Since AT ^ T0 we can expand both sides of (8.88) in Taylor's series retaining only the linear term:

Substituting these expansions in (8.88) and taking into account (8.86), we obtain

Here we also replaced Tn by T0n since n has a small value proportional to AT.

As shown in Section 4.8, the temperature derivative of the Gibbs energy at a constant pressure is minus the entropy. So, and d Gw d T

where sw is the entropy of 1 mol of the solvent and sv is the entropy of 1 mol of the solvent's vapor. Then, from (8.91) we obtain

R*Ton

Multiplying and dividing the right-hand side of the last equation by T0 and taking into account that (sv — sw)T0 is the amount of heat required to evaporate 1 mol of the solvent at the boiling point, in other words (sv — sw)T0 = AvapHwe obtain the final formula for the elevation of the boiling point AT:

Since AT is positive, the boiling point of the solution is higher than that of the pure solvent. The change in the boiling point is proportional to the amount of solute n. □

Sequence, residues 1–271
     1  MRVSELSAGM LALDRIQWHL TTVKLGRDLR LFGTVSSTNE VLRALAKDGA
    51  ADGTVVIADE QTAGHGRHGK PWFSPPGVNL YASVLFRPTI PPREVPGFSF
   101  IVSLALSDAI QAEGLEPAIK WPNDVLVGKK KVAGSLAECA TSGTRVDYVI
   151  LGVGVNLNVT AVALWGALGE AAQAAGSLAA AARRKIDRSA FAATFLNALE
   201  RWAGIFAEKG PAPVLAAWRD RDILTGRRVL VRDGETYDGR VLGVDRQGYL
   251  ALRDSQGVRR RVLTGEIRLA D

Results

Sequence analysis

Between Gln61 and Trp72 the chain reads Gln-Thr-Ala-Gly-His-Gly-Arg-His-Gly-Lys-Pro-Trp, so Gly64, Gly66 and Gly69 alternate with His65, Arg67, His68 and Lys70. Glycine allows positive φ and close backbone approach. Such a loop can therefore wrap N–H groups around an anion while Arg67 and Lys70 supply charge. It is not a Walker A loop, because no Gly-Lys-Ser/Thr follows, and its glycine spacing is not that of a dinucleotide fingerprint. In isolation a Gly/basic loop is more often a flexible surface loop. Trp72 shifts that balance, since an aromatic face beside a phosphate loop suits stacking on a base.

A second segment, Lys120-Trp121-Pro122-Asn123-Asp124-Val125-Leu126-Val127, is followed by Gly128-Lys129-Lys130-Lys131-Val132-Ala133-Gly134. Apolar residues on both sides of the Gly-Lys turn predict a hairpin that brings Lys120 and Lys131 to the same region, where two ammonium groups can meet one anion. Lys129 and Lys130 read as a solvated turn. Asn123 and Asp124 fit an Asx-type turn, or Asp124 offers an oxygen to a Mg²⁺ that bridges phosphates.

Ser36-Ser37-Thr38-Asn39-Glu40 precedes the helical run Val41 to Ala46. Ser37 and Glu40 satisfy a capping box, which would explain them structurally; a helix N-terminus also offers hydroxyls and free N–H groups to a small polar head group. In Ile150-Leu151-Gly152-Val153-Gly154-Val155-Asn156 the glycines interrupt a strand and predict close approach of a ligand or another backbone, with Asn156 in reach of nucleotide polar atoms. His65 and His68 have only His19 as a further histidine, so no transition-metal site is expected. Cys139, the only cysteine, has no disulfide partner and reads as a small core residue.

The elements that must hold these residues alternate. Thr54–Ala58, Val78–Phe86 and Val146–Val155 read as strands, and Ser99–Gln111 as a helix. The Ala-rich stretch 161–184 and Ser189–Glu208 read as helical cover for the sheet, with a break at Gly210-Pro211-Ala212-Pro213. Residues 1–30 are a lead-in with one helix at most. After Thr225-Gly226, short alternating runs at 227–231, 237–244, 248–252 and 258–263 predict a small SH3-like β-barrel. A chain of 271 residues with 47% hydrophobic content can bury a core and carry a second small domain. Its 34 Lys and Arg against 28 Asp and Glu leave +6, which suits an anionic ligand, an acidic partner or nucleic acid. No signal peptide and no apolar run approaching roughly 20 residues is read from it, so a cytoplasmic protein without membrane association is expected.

Example 8.14 What is the change in the boiling temperature of 11 of water with 15 g of NaCl dissolved in it?

Answer: The molecular weight of NaCl is 58.44 g mol-1. Substituting in (8.96) n —

(15/58.44)/(1000/18),R* — 8.31 J K-1 mol-1, To — 373 K, Avap kJ mol-1, we obtain AT — o.13 K.

Example 8.15 Calculate the change in the freezing point of the solution. Answer: We assume that only pure solvent is frozen, while the solute remains in the solution. Then the calculation of the freezing point of the solution is similar to the calculation of the boiling point except we have fusion instead of vaporization. AfusH is the heat released when 1 mol of the solvent is frozen at a temperature To;

this heat is negative. Substituting AfasH° in (8.96), we find that the freezing point of a solution is lower than that of the pure solvent. The difference AT is:

R*T02n

AfusH |

The decrease in the freezing point is proportional to the amount of solute. □

Example 8.16 What is the change in the freezing temperature of 11 of water with 15 g of NaCl dissolved in it?

Answer: |AfusH°| for water is 6.008 kJ mol-1, T0 = 273 K, n = (15/58.44)/ (1000/18), R* = 8.31 J K-1 mol-1. According to (8.97) the change in freezing temperature AT = -0.48 K. □